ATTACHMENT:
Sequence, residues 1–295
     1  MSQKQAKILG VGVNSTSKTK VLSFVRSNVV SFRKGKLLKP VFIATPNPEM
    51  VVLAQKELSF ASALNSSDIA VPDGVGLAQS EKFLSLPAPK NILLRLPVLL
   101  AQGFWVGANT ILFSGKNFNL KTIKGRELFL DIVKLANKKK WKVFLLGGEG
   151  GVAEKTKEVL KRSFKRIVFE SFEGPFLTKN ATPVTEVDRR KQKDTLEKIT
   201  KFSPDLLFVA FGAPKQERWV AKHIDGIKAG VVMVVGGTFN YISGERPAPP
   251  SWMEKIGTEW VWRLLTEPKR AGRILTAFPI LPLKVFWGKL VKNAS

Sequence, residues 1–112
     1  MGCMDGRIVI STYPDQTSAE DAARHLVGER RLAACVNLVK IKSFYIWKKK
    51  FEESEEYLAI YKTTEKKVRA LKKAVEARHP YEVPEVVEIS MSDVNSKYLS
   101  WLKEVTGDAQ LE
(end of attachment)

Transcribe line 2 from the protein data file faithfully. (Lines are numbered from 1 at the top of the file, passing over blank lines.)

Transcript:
     1  MSQKQAKILG VGVNSTSKTK VLSFVRSNVV SFRKGKLLKP VFIATPNPEM